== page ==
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Martin Gilbert, "The Routledge Atlas of American History", 5th edition, 2006 год, издательство Рутледж. Карта происхождения индейцев Америки (книга посвящена истории США):

 

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В книге "Historical Dictionary of Early North America" (серия "Historical Dictionaries of Ancient Civilizations and Historical Eras, No. 15", Cameron B. Wesson, изд. The Scarecrow Press, Inc., 2005 год) не упоминаются ни ацтеки, ни майя. Правда, упоминаются ацтекоязычные племена Северной Америки проживающие на территории США, например - хопи и шошоны, а также коротко (6 строк) говорится о культурах Месоамерики в целом. О культурах Большого Бассейна, на юго-западе США, есть такая статья, например:

 

GREAT BASIN CULTURE AREA. Geographic area composed of the
various local environments that lie between the Sierra Nevada and
Rocky Mountains in the present-day states of Nevada, Utah, western
Colorado, southeastern Oregon, southern Idaho, western Wyoming,
eastern California, as well as northern Arizona. This region is characterized
by extreme variations in altitude, rainfall, temperature, and
vegetation. During the late Pleistocene, it had greater rainfall and
possessed a greater density of plant and animal species. Archaeological
evidence of Paleoindian occupation indicates that camels, wild
horses, and mammoth were common in this region. By 10,000 B.P.
(8000 B.C.), local environments resembled more closely their modern
counterparts.
Native American groups living in the Great Basin were generally
small and seasonally mobile. Some groups in the southeast portion of
the Great Basin practiced limited horticulture during the period from
1000 to 600 B.P. (A.D. 1000–1350). These peoples, commonly referred
to as Fremont and Virgin River Anasazi, cultivated maize, beans, and
squash, and lived in sedentary communities. However, climate change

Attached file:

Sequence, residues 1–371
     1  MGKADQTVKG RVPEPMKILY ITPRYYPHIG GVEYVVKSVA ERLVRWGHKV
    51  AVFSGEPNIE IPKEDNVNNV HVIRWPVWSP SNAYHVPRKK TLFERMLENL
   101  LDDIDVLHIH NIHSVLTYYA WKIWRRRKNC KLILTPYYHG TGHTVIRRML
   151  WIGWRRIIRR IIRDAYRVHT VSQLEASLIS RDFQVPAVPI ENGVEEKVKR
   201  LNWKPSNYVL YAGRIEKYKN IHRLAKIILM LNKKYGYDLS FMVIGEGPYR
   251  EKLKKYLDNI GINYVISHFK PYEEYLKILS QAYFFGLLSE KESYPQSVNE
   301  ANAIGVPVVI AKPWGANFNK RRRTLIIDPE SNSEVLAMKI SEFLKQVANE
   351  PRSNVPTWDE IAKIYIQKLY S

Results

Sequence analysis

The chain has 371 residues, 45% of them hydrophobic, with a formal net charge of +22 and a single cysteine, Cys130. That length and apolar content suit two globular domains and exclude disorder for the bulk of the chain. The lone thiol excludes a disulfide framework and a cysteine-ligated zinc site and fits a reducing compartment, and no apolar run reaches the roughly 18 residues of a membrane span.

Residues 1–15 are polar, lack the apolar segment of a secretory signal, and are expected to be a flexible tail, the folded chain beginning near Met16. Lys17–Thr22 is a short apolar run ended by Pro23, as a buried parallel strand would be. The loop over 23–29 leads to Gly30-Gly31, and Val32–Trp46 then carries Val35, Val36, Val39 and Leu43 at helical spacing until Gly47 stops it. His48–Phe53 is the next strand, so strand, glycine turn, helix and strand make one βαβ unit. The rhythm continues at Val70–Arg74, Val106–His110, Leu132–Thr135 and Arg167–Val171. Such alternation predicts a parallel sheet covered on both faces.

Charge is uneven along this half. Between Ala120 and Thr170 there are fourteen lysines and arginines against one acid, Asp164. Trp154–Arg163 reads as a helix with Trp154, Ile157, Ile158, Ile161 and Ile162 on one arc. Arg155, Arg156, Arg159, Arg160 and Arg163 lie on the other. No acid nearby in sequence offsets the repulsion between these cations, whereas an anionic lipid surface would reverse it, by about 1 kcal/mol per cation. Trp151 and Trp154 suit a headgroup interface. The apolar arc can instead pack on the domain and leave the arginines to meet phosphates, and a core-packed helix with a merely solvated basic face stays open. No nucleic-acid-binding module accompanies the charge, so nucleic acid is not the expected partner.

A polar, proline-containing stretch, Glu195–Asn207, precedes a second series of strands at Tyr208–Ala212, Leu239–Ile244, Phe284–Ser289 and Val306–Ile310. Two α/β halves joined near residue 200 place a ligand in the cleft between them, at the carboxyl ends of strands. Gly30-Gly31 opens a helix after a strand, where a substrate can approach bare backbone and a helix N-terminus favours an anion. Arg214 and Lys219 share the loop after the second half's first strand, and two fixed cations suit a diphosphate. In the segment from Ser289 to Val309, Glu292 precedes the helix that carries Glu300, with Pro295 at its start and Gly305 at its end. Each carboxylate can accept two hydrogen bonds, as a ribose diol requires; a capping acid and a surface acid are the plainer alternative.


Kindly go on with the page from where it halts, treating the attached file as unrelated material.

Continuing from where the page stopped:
in the region forced them to adopt a more mobile lifestyle. During the
historic period, the Great Basin was home to the Chemehuevi, Comanche,
Kawaiisu, Pauites, Shoshone, Utes, Washo, and other groups.
These peoples exhibited remarkable linguistic uniformity, with most
speaking closely related dialects of the Uto-Aztecan language family.

 

 

Немного интересного о заселении Великих Равнин, и о связях местного населения с мегафауной (что в этой теме уже обсуждалось, в некоторой мере):

 

GREAT PLAINS CULTURE AREA. A largely treeless grassland extending
from the Mississippi River valley west to the Rocky Moun-
tains, and south from present-day Manitoba, Saskatchewan, and Alberta
to central Texas. The earliest evidence of human occupation of
the Great Plains are Paleoindian sites (circa 12,000 B.P. [10,000
B.C.]) related to big-game hunting. By about 7500 B.P. (5500 B.C.),
regional cultural adaptations demonstrate a reduced reliance upon
megafauna (primarily bison) and an increase in foraging activities.
Between 2500 and 350 B.P. (500 B.C.–A.D. 1600), marked differences
in subsistence regimes between eastern and western Plains
groups develop, with eastern Plains groups adopting sedentary, village
agriculture. Eastern Plains peoples began to construct fortified
villages and semisubterranean earthlodges. These eastern agricultural
groups are considered ancestral to the modern Arikara, Hidatsa,
Mandan, Pawnee, Wichita, and other groups. Western Plains
groups continued as mobile foragers, and with the introduction of the
horse they became focused on bison hunting as their primary subsistence
activity. These groups became increasingly mobile, with the
tipi serving as their primary domestic structure. These nomadic
groups of the western Plains are considered ancestral to the modern
Blackfoot, Crow, Cheyenne, Comanche, Sioux (Dakota), and other
groups. Other well-known Great Plains peoples include the Comanche,
Kiowa, Sioux, Pawnee, and Blackfoot.
Many contemporary stereotypes of Native Americans are drawn
from the cultural practices of Great Plains peoples, including tipis,
feathered headdresses, and the Plains horse culture. However, many
of these practices were not long-standing regional cultural traditions,
but were brought about as a result of both direct and indirect contact
with Europeans.

 

 

 

Юто-ацтекская языковая семья:

 

UTO-AZTECAN LANGUAGE FAMILY. Family of more than 30 individual
Native American languages spoken by groups in the Great
Basin, Southwest, and Mesoamerica. Uto-Aztecan languages in
North America include Ute, Hopi, Shoshone, Nahuatl, and others.
Uto-Aztecan is traditionally divided into northern and southern
branches. The northern branch was spoken from present-day Idaho and
Oregon to southern California and Arizona, and includes Comanche,
Hopi, Northern and Southern Paiute, Ute, and Northern and Eastern
Shoshone. The southern branch was spoken in present-day Arizona and
New Mexico, into northern and central Mexico, and includes Pima,